This is a pattern that must stop.
Person #1: “[Fill in the blank] is a huge issue! Yet another example of [Fill in the blank] just happened. That’s [an unreasonably large number] times it’s happened this year / lives affected!”
Person #2: “But what about [different issue]? Why isn’t anyone upset about [different issue]?”
This is never, ever appropriate. Stop being Person #2. Person #2 is, at the very best, derailing a comment or conversation. At worst, he or she is strongly implying that [Fill in the blank] is far less important than [different issue], and that Person 1 should stop talking about it.
Person #2 is saying SHUT UP. He or she is saying STOP TALKING ABOUT THAT THING. DO NOT TALK ABOUT IT.
This is inappropriate. Stop it.
Other, ridiculous examples include:
Person #1: “Jimmy’s low English grade is a huge issue! Yet another example of Jimmy’s low English grade just happened. That’s the fourth six weeks he’s nearly failed English this year!”
Person #2: “But what about Jane’s messy room? Why isn’t anyone upset about Jane’s messy room?”
Jane’s messy room may indeed be a very big problem. But it is not what we are talking about right now, and we have to address Jimmy’s low English grade.
Person #1: “Server outages are a huge issue! Yet another example of server outages just happened. That’s 14 times it’s happened this year!”
Person #2: “But what about network security? Why isn’t anyone upset about network security?”
Network security is indeed very important, and we can schedule a meeting for that at another time…even later today, if you like. But this particular meeting / conversation / email thread has the subject line “Server Outages”.
About the issues
Person #1: “Police violence against black people is a huge issue! Yet another example of Police violence against black people just happened. That’s an unreasonably large number of times it’s happened this year!”
Person #2: “But what about black on black violence? Why isn’t anyone upset about black on black violence?”
It is, again, entirely possible that ‘black on black violence” is a big issue that needs addressing. So is police violence against black people. So stop hijacking the damn conversation every time it comes up. Start your own, separate conversation about your issue.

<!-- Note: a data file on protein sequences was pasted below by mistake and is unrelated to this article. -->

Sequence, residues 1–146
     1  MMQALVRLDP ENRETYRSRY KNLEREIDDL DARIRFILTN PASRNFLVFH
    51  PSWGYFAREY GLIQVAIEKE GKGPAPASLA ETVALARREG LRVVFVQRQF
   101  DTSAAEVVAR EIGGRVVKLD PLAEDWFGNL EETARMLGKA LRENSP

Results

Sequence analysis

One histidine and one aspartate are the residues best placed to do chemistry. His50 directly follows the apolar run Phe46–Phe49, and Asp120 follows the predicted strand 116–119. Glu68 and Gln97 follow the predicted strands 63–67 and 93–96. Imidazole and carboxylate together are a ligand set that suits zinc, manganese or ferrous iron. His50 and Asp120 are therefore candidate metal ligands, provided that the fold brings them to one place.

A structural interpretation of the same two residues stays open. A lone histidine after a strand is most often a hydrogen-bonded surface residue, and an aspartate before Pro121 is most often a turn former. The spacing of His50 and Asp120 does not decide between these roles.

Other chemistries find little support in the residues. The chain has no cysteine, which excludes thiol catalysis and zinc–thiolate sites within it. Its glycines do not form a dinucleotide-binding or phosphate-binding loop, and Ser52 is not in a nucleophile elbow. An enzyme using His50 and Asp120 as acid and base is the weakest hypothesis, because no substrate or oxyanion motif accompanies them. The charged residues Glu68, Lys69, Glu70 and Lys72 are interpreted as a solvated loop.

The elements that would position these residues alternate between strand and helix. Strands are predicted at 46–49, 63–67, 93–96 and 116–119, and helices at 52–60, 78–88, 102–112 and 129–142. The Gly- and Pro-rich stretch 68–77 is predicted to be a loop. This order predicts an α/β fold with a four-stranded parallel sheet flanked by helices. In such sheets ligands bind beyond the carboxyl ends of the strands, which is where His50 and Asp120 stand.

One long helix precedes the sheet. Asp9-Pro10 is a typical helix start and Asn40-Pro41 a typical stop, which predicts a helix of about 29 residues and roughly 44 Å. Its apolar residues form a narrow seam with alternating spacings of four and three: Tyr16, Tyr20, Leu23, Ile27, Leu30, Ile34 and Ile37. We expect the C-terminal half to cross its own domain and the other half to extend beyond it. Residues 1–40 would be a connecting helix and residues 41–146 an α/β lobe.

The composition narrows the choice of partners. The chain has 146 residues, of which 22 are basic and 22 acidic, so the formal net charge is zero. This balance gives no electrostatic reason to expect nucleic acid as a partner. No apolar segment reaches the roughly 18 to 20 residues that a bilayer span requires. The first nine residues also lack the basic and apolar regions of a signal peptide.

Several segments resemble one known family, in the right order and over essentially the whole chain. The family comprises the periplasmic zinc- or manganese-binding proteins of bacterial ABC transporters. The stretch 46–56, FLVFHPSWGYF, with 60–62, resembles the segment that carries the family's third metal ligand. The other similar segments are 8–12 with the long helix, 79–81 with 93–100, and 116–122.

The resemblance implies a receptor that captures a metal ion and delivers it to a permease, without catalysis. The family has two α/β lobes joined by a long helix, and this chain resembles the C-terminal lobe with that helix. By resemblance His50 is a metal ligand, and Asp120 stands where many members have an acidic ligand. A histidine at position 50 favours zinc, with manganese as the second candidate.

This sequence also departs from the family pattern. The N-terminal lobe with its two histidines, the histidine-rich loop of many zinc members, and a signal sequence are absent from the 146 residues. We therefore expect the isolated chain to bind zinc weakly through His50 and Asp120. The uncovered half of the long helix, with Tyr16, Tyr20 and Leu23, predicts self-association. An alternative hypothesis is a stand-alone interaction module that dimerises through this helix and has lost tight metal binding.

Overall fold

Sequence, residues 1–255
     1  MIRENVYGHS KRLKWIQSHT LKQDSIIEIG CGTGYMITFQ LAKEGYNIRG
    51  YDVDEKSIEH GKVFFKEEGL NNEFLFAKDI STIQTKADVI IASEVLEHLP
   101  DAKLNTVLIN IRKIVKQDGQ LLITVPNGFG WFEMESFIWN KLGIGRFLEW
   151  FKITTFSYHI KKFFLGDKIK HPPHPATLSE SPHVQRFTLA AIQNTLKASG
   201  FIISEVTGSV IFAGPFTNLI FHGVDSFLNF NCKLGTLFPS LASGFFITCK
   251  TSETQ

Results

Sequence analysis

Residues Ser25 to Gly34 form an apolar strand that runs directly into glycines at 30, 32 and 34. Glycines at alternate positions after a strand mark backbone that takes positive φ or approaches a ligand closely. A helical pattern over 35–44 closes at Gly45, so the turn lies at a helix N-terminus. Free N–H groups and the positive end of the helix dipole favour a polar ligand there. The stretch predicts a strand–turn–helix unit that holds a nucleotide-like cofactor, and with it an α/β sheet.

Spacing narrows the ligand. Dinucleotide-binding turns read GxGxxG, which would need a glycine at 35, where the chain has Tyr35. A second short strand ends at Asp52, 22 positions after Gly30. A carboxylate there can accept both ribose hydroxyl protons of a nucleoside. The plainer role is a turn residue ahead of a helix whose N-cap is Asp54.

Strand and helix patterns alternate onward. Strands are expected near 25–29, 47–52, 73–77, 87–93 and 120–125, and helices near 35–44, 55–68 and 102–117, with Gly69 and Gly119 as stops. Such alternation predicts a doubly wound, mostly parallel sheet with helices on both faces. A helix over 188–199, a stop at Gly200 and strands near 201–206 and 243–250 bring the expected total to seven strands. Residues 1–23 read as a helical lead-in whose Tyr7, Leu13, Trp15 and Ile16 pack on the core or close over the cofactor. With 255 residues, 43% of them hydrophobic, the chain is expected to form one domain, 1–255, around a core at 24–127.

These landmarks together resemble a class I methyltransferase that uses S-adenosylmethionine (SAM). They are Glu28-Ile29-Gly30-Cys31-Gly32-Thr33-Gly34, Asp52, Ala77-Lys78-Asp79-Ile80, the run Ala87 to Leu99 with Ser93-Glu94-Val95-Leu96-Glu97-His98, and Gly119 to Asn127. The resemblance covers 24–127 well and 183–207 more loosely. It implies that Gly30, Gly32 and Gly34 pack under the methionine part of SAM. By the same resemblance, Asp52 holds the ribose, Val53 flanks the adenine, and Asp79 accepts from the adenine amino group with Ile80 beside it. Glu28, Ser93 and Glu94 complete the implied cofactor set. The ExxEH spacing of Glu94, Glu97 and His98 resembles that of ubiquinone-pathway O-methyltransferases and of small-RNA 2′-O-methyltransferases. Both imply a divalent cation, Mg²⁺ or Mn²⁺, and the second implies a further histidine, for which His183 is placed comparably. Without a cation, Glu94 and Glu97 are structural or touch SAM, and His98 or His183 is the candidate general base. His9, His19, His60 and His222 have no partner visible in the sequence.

Do not tell Person 1 to shut up.
He or she does not have to stop talking, for you to have your own conversation.
Insurance just refused to approve surgery for a 7 year old kid – family friend – that 2 specialists says is absolutely critical.
How do you fight that?
Fifteen years ago, I went on a solo hike across Rocky Mountain National Park. I started at the Bear Lake trailhead, summited Flattop Mountain (only 12,000-some-odd feet altitude), and through the park on the other side. The original plan was to make a full loop to the west side, then go back along a more northerly trail, and back out Bear Lake. As it turned out, I did the trip one way. (My pack was too heavy, my boots hurt, my tent was flimsy, and I got creeped out by the end of the westward trail.)
I recently got excited about repeating this performance, and my 11 year old son Eric got into the idea, too. So we walked and trained and got gear, and last week we went.
Here are notes and pictures and stuff from day 1.
7-3-2016: Rocky Mountain National Park. Spent two nights in Glacier Basin [a front country camp, to acclimatize to the altitude. We just camped in the back of the minivan…why bother setting up the tent?] Set off from Bear Lake trailhead at 7:45am.
We had gorgeous weather and a reasonable time to start.
I should note that a couple days before we started out, we assigned roles. I was Hydration Officer, and Eric was Safety Patrol. We each did our jobs admirably. We both stayed hydrated, and Eric was super conscientious about pointing out poison ivy/oak, giving advice on tall steps, and keeping us on the uphill side of the path (away from dropoffs). He probably saved me from a buttfull of poison oak, as he’d mentioned it so much I was on the lookout.